The fluoroelastomer component of the present latex is an elastomeric copolymer of vinylidene fluoride and at least one other fluorine-containing monomer. The fluoroelastomer preferably has a vinylidene fluoride content of about 25-70% by weight. The "other fluorine-containing monomer" is usually an ethylenically unsaturated monomer containing at least one fluorine atom substituent on each double-bonded carbon atom. The copolymer is preferably composed of at least one of the following: copolymers of vinylidene fluoride and hexafluoropropylene or pentafluoropropylene; copolymers of vinylidene fluoride, tetrafluoroethylene and hexafluoropropylene or pentafluoropropylene; and copolymers of vinylidene fluoride, a perfluoroalkyl perfluorovinyl ether and tetrafluoroethylene. Especially preferred is a copolymer which contains, as interpolymerized units, about 25-70% by weight of vinylidene fluoride, 19-60% by weight of hexafluoropropylene and 3-35% by weight of tetrafluoroethylene. Also very useful is a copolymer which contains, as interpolymerized units, about 30-70% by weight of vinylidene fluoride and about 70-30% by weight of hexafluoropropylene.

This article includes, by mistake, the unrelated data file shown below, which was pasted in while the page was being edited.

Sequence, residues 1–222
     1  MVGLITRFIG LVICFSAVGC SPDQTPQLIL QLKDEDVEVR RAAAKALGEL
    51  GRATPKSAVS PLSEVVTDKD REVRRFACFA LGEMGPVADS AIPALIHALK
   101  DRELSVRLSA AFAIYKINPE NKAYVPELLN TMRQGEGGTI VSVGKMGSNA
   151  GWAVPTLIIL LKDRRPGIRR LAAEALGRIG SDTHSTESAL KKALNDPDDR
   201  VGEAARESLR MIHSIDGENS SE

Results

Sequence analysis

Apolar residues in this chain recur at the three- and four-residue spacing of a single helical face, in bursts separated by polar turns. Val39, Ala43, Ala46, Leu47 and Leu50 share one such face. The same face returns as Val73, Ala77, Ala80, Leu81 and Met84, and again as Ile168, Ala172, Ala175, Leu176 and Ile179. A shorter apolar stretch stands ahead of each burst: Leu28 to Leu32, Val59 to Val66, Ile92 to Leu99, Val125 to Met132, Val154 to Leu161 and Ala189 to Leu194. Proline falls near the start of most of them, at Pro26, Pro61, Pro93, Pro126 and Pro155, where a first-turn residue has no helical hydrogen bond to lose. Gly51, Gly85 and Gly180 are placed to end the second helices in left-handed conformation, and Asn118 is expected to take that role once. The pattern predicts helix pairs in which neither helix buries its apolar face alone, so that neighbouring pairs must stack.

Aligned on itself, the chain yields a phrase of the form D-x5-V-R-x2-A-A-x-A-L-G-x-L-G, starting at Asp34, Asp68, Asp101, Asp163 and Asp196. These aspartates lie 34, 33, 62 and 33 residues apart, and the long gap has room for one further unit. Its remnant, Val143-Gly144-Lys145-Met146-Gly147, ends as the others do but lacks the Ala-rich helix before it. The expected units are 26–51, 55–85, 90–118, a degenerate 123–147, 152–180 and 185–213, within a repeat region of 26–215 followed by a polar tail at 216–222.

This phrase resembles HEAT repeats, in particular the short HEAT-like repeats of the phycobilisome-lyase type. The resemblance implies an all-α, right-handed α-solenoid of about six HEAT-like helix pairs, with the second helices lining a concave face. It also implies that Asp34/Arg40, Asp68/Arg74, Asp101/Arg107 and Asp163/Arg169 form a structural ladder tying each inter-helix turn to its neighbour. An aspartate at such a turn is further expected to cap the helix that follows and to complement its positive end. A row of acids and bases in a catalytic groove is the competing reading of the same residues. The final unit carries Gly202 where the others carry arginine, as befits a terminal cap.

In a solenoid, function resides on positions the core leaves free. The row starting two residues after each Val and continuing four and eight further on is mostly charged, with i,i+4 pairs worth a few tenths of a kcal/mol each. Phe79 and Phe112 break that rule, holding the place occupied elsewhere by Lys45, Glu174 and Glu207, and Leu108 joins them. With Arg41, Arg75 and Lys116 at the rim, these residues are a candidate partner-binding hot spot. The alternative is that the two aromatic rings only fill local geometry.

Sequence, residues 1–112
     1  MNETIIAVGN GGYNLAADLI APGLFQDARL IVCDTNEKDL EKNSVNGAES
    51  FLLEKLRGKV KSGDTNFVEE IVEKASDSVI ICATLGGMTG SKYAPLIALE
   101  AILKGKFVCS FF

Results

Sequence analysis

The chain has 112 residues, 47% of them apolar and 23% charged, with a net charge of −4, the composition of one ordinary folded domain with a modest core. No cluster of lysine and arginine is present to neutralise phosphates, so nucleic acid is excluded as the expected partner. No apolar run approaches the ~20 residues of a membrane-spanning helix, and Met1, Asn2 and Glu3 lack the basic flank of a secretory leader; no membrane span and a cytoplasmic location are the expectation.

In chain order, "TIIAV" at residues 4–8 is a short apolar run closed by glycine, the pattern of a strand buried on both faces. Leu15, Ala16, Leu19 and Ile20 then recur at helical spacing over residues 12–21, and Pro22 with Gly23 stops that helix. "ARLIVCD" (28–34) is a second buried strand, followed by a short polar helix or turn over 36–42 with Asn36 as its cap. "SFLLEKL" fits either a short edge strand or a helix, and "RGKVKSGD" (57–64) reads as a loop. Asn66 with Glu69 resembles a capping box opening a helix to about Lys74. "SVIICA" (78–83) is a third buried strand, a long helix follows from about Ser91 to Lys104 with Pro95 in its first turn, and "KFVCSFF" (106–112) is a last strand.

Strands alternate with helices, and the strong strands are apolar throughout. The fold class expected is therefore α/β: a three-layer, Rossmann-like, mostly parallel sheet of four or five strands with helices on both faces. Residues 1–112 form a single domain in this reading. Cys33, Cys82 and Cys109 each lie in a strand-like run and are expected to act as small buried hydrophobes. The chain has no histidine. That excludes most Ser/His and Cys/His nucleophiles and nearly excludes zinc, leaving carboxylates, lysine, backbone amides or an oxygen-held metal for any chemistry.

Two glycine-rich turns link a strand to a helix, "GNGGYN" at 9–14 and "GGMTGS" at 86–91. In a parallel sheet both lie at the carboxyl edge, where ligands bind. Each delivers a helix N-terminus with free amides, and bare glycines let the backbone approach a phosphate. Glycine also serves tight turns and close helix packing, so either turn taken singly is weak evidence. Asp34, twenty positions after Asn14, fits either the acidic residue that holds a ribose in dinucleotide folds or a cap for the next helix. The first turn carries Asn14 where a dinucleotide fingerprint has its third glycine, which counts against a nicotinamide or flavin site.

Copolymers of vinylidene fluoride and hexafluoropropylene are described in U.S. Pat. No. 3,051,677 issued to Rexford. Copolymers of vinylidene fluoride, tetrafluoroethylene and hexafluoropropylene are described in U.S. Pat. No. 2,968,649 issued to Pailthorp and Schroeder. Copolymers of vinylidene fluoride and pentafluoropropylene are described in U.S. Pat. No. 3,331,823 issued to Sianesi et al.; and copolymers of these two components with tetrafluoroethylene are described in U.S. Pat. No. 3,335,106 issued to Sianesi et al. Copolymers of vinylidene fluoride, a perfluoroalkyl perfluorovinyl ether (having 1-5 carbon atoms in the alkyl group) and tetrafluoroethylene are described in U.S. Pat. No. 3,235,537 issued to Albin and Gallagher.